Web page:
Body Shaming Didn’t Cause My Eating Disorder 

Somehow, the highlight of Lady Gaga’s Superbowl performance has become a roll of fat on her stomach. People are either disgusted or empowered by the way a singer dressed during a football game. Some people poke fun at her, saying she should have covered her stomach or exercised more before taking the stage. Others say that the public scrutiny of celebrities’ bodies causes eating disorders. While body image and impossible beauty standards often contribute to eating disorders, they are not the cause.
Eating disorders are not about vanity or glamour. When I am starving or bingeing or purging, I am not thinking about Victoria’s Secret models or fitting into a certain size. Instead, I am usually thinking about a bad grade I got, failing friendships, unrequited love, being quiet when I should speak, and speaking when I should keep quiet. Eating disorders are used to numb the pain that is inevitable in life.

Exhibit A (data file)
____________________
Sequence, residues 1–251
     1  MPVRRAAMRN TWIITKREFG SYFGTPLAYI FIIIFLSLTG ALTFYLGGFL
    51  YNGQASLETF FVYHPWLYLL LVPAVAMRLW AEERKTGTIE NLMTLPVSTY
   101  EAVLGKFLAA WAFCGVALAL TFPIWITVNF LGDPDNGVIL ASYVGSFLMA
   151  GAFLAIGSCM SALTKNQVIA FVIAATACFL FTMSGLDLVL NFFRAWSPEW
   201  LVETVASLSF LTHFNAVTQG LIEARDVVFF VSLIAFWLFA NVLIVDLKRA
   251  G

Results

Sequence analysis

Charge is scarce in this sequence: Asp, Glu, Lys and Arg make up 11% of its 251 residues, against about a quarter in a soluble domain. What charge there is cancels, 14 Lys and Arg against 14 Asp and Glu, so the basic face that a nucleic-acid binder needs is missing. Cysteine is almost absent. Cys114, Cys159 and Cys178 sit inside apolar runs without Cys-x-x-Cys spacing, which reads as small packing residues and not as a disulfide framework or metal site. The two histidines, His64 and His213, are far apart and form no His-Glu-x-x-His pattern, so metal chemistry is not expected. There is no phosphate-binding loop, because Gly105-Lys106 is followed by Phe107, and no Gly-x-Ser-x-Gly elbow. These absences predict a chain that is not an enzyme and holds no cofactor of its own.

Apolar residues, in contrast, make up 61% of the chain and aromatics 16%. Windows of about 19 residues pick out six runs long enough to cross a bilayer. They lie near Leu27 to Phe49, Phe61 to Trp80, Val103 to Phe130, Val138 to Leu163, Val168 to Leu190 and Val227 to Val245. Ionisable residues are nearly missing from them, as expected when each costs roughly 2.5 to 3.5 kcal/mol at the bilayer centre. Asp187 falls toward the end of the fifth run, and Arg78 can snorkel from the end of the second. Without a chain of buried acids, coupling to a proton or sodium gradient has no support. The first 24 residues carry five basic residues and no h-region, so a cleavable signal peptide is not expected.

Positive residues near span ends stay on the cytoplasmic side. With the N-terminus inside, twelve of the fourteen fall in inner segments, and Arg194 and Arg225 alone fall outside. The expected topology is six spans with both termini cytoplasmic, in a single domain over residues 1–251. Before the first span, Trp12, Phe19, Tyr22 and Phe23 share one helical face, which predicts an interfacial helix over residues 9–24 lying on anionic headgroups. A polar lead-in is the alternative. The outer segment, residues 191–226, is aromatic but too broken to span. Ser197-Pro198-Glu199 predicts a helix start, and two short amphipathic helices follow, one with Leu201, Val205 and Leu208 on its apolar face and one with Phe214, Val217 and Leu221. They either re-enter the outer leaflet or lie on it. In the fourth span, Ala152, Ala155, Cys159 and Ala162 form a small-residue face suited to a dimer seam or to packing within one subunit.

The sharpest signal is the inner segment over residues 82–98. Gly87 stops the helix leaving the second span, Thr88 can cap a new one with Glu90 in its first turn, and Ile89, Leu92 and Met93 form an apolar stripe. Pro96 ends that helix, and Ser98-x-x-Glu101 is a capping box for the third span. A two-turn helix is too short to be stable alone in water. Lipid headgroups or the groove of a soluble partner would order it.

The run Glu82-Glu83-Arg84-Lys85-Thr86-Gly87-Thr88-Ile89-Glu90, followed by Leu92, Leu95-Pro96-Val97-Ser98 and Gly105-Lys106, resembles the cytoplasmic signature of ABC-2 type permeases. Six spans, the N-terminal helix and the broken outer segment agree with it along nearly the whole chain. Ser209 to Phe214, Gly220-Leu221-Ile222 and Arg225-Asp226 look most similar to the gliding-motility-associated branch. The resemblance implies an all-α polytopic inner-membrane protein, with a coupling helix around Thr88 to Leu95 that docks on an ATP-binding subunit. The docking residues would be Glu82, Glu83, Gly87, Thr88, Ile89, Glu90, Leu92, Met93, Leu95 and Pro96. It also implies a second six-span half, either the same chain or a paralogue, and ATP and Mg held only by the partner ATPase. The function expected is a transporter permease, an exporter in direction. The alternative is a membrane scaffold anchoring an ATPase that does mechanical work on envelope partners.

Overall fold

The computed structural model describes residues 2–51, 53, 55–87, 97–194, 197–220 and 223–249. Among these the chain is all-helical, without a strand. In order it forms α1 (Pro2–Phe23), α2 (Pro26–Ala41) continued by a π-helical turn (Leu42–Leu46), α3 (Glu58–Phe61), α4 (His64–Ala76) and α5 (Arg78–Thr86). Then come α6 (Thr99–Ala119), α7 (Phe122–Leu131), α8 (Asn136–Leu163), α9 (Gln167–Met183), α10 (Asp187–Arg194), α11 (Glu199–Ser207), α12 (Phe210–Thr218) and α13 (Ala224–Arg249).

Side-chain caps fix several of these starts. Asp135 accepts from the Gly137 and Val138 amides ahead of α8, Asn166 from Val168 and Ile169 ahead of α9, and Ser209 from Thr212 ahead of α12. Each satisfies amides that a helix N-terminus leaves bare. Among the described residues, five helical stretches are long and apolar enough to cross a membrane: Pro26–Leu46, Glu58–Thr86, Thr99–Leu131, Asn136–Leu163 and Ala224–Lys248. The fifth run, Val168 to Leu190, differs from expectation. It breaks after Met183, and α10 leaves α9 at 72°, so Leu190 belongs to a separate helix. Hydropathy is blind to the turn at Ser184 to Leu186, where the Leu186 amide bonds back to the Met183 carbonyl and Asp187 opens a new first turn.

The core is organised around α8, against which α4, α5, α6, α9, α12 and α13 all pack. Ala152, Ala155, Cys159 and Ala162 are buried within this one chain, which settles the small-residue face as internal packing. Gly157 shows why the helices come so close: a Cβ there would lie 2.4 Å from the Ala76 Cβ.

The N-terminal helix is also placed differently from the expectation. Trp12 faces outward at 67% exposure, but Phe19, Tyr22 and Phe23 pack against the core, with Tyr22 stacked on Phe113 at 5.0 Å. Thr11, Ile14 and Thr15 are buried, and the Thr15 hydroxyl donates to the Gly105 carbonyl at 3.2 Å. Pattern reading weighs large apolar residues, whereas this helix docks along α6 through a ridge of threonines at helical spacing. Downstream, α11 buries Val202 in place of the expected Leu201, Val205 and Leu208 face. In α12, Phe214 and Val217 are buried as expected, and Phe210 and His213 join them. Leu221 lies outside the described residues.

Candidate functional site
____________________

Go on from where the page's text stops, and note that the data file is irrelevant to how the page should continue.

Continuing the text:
For some reason, from a young age I decided that I could not handle life like everyone else. Instead, I used food, exercise, and laxatives to cope with stress and sadness. Yes, I felt that my body was less than desirable, but that merely masked the deeper self-esteem issues I had. I believed that I was not strong enough to conquer life’s highs and lows.
By reducing eating disorders to diets taken too far and unrealistic beauty standards, we ignore the needs of those who are struggling. We forget that people with eating disorders need support, love, and to be validated.

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